"Well written and documented." --Choice
"Mazower demonstrates that there is more than one side to the story of the creation of the UN, and does so in a highly readable style. This is a sophisticated work of intellectual history with implications for international institutional law. . . . Mazower's work provides a solid and intellectually stimulating basis for trying to re-think this fundamental starting point." --Jan Klabbers, Global Law Books
"This work should interest not only political scientists and historians, but anyone who is concerned about the UN's fate." --Pamela A. Jordan, Canadian Journal of History
"Mazower's thesis serves to illuminate enduring questions and recent debates concerning the role of the UN. . . . Perhaps most importantly, Mazower provides a sound case for dismissing those voices within contemporary accounts that call for the UN to return to its lofty origins." --James Upcher, Oxonian Review
" No Enchanted Palace adds greatly to our understanding of the UN's intellectual foundations." --Survival
"This is a sophisticated work of intellectual history with implications for international institutional law. Mazower forces the discipline to rethink one of the premises on which the paradigmatic theory of functionalism rests. . . . Mazower's work provides a solid and intellectually stimulating basis for trying to re-think this fundamental starting point." --Jan Klabbers, European Journal of International Law
" No Enchanted Palace is a model of the new international history. Forceful and engaged, it will likely provoke a wide range of readers. . . . Short, readable, and challenging, No Enchanted Palace would make an ideal book for courses on internationalism, empire, global politics, and human rights." --J. P. Daughton, H-Net Reviews
"Mark Mazower is one of the most original and interesting historians at work on Europe's modern history. In this book, he turns his attention to the broader theme of world order, and to the various ways in which it was being reimagined at the moment when the United Nations was created in 1945. The result is a lucid, perceptive, and indispensable study." --John Darwin, American Historical Review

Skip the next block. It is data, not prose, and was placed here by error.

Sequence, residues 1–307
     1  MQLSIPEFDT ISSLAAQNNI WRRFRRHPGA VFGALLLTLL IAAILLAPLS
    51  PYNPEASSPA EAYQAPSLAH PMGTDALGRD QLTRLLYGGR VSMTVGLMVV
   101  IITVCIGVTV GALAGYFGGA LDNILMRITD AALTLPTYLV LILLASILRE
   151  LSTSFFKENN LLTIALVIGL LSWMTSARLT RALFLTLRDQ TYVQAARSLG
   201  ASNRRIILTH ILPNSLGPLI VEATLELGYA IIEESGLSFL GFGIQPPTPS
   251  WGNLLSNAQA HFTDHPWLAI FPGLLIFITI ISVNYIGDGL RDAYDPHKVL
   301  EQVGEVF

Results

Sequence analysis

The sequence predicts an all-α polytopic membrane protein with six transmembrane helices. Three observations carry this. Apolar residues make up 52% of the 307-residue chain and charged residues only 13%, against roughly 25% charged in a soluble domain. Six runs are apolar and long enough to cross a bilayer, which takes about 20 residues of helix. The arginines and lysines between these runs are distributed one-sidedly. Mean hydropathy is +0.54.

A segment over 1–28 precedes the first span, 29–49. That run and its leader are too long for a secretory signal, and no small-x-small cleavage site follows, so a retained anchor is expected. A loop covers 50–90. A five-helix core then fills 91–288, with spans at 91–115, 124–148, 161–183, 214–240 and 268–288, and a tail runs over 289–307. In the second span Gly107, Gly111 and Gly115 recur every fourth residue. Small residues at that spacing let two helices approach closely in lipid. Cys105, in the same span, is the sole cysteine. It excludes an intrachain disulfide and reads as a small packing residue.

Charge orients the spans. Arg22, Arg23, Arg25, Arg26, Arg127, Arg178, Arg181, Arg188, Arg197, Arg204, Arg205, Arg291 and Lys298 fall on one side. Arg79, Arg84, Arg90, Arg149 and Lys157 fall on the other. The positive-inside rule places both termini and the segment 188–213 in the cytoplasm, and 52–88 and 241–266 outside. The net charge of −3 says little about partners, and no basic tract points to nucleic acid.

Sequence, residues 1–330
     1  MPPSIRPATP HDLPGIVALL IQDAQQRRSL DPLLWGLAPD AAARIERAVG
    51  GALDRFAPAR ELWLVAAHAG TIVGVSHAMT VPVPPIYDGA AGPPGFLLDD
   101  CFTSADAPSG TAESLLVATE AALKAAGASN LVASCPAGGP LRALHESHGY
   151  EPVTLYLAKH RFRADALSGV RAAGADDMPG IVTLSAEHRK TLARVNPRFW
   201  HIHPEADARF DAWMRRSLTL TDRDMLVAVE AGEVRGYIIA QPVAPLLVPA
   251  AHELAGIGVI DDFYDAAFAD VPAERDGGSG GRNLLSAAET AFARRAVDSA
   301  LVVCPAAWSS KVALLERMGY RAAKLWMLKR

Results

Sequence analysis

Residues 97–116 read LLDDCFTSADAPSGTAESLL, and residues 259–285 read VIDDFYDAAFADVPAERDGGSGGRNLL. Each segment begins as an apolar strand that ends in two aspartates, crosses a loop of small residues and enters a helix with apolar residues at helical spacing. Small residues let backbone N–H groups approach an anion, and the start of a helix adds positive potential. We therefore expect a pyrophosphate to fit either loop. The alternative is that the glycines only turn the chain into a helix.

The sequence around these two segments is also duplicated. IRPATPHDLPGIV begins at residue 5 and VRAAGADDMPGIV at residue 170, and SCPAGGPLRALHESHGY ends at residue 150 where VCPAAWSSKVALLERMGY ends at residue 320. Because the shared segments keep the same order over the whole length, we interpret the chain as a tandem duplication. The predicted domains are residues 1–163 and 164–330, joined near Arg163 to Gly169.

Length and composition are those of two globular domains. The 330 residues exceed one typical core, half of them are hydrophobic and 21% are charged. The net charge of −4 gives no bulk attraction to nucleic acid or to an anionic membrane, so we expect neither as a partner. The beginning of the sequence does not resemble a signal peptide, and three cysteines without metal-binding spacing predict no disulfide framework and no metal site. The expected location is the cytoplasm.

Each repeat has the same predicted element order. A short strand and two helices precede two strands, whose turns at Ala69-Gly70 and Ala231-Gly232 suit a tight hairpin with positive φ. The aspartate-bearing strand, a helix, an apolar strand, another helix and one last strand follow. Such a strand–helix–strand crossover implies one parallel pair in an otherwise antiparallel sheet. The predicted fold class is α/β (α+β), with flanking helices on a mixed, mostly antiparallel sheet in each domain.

No Enchanted Palace traces the origins and early development of the United Nations, one of the most influential yet perhaps least understood organizations active in the world today. Acclaimed historian Mark Mazower forces us to set aside the popular myth that the UN miraculously rose from the ashes of World War II as the guardian of a new and peaceful global order, offering instead a strikingly original interpretation of the UN's ideological roots, early history, and changing role in world affairs.
Mazower brings the founding of the UN brilliantly to life. He shows how the UN's creators envisioned a world organization that would protect the interests of empire, yet how this imperial vision was decisively reshaped by the postwar reaffirmation of national sovereignty and the unanticipated rise of India and other former colonial powers. This is a story told through the clash of personalities, such as South African statesman Jan Smuts, who saw in the UN a means to protect the old imperial and racial order; Raphael Lemkin and Joseph Schechtman, Jewish intellectuals at odds over how the UN should combat genocide and other atrocities; and Jawaharlal Nehru, India's first prime minister, who helped transform the UN from an instrument of empire into a forum for ending it.
A much-needed historical reappraisal of the early development of this vital world institution, No Enchanted Palace reveals how the UN outgrew its origins and has exhibited an extraordinary flexibility that has enabled it to endure to the present day.